Yes, it is easier to "break" something using SSH, but only if you are being careless, which I doubt you will be when experimenting/learning. You could always set up a few test files in a "test" directory and mess around with those to make sure you don't do something wrong that effects your normal files. Just a few examples of what you can do with Putty: download files to your WestHost account (utilizing WestHost's extremely fast connection), you can do that for files you want to zip and download yourself from your WestHost account to increase speed, or for programs you want to install on your account yourself (e.g. Imagemagick). You can read your mail (plain text) using Pine. You can use Pico (an easy to use text-editor) to make quick changes to files you want to edit (or create new files from scratch). Almost anything you can do on your own computer, you can do on your WestHost server/account using SSH (just no fancy GUI). The possibilities are endless - I've only touched on some of the most basic and most useful stuff. I'm sure I've even missed out on some other useful stuff in my example. Oh well...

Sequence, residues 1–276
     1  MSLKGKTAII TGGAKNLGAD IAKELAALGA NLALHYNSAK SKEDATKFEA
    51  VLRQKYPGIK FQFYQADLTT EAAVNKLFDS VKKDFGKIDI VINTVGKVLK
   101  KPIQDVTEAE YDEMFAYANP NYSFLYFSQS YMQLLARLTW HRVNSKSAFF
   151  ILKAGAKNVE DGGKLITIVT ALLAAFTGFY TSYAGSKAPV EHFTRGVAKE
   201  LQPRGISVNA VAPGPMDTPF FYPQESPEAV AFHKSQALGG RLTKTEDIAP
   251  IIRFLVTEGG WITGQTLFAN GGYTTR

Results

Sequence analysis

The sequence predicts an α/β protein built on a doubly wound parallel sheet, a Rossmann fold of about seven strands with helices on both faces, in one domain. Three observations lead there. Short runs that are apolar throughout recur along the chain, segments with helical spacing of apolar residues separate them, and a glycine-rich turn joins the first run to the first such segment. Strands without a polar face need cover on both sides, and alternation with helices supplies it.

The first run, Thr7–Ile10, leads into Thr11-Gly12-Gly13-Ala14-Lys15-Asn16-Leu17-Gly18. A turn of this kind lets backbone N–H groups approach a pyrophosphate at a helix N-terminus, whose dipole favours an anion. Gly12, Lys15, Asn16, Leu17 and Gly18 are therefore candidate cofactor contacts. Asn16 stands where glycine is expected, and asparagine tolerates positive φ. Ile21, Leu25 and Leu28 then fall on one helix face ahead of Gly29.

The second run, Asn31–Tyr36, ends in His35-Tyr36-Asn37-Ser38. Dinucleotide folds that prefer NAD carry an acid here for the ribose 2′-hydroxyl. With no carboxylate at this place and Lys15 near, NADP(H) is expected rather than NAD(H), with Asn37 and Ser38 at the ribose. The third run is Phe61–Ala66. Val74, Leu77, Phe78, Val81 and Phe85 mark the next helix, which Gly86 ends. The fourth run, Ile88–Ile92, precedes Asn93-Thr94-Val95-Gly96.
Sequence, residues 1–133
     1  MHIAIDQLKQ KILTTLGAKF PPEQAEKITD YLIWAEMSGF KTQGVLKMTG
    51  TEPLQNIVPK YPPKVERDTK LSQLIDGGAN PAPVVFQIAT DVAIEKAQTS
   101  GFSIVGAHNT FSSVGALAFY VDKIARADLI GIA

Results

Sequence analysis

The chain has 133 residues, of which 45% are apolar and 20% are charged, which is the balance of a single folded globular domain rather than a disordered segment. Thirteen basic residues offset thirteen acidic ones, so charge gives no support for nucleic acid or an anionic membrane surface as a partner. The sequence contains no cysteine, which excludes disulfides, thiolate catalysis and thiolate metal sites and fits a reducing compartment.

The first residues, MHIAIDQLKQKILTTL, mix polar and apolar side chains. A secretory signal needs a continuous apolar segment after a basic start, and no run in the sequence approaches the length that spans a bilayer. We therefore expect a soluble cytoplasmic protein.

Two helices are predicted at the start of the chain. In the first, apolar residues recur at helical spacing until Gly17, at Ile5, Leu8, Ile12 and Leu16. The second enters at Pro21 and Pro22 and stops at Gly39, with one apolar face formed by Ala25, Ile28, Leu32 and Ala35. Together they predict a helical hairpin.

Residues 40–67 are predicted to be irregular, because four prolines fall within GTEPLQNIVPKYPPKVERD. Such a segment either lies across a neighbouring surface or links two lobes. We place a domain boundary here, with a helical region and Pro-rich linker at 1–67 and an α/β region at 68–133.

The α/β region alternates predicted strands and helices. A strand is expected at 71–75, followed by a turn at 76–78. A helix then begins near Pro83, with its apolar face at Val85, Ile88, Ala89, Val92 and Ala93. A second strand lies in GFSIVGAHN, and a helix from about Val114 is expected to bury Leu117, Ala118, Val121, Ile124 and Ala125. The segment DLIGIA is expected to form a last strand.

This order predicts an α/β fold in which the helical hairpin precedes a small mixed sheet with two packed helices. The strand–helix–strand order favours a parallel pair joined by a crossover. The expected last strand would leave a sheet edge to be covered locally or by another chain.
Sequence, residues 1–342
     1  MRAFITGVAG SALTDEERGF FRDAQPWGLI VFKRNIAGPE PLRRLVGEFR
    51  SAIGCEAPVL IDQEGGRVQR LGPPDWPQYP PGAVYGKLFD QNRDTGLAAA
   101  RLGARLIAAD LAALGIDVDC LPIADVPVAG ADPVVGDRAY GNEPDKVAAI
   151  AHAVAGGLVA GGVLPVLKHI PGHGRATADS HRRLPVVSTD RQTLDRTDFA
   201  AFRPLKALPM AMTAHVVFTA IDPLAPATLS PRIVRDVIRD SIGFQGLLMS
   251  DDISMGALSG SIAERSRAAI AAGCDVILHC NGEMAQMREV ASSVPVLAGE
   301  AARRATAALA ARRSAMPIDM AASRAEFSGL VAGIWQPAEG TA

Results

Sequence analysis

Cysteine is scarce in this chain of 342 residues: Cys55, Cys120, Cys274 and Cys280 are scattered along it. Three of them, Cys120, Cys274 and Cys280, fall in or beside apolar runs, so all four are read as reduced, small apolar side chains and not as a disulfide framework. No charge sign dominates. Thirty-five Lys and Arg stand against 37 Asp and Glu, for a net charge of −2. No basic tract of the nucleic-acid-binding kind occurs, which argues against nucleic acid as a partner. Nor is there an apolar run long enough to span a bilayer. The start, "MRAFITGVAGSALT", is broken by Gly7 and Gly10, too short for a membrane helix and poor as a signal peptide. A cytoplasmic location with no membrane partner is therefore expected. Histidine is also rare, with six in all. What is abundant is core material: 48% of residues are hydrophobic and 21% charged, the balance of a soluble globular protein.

You can calm down and come back into the room now ;)

wildjokerdesign
09-06-2003, 11:30 AM
Thanks design64 yours and ajparker's post have gotten my breathing back to normal... :) . The adventure begins!

trinity.westhost.com
09-06-2003, 11:56 AM
Sort is missing and was an important part of many of my CGI scripts. I needed ot install GNU Developer Tools to get some my other CGI scripts working in 2.0. So...

If you're so inclined, install GNU Developer Tools (will cost you some disk usage, apparently -- still a sort point if you read my other post) and then download GNU Core Utilities from: http://www.gnu.org/software/coreutils/

Run the ./configure script. Compile everything by calling make on the command line. Copy the src/sort command somewhere else, and then delete everything else.

bruce.binder
10-07-2003, 05:01 PM
I built and installed the GNU textutils package, which includes sort. The tricky part is that the "configure" script actually needs the sort command. Sort of a chicken and egg problem. The easiest thing to do is write a simple one in Perl and put it somewhere in your path. Make sure it is called "sort" and is executable. The file I used looks like
<pre>
#!/bin/perl
while(&lt;>) {
@INPUT = (@INPUT, $_);
}
(@OUTPUT) = sort (@INPUT);
foreach (@OUTPUT) {
print $_;
}
</pre>
Then the normal steps for building and installing worked fine.

Download the GNU textutils package from gnu.org or one of the mirror sites. The file is
textutils-2.1.tar.gz

Unzip it
gzip -d textutils-2.1.tar.gz

Un-tar it
tar -xvf textutils-2.1.tar

It will create a directory full of the source, Makefiles, etc. and instructions for
building in a file called INSTALL. The synopsis is

cd textutils-2.1

Run the configure script
./configure

Make the binaries
make

Install the binaries in /usr/local/bin
make install